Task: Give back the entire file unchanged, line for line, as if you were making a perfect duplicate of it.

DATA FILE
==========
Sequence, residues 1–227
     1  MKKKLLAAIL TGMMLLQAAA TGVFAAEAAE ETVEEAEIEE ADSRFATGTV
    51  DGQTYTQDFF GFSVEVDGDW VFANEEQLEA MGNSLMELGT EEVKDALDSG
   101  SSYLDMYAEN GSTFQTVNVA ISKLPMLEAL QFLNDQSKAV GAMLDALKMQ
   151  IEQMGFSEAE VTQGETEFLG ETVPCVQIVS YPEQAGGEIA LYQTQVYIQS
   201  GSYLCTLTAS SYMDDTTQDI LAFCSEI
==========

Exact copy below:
Sequence, residues 1–227
     1  MKKKLLAAIL TGMMLLQAAA TGVFAAEAAE ETVEEAEIEE ADSRFATGTV
    51  DGQTYTQDFF GFSVEVDGDW VFANEEQLEA MGNSLMELGT EEVKDALDSG
   101  SSYLDMYAEN GSTFQTVNVA ISKLPMLEAL QFLNDQSKAV GAMLDALKMQ
   151  IEQMGFSEAE VTQGETEFLG ETVPCVQIVS YPEQAGGEIA LYQTQVYIQS
   201  GSYLCTLTAS SYMDDTTQDI LAFCSEI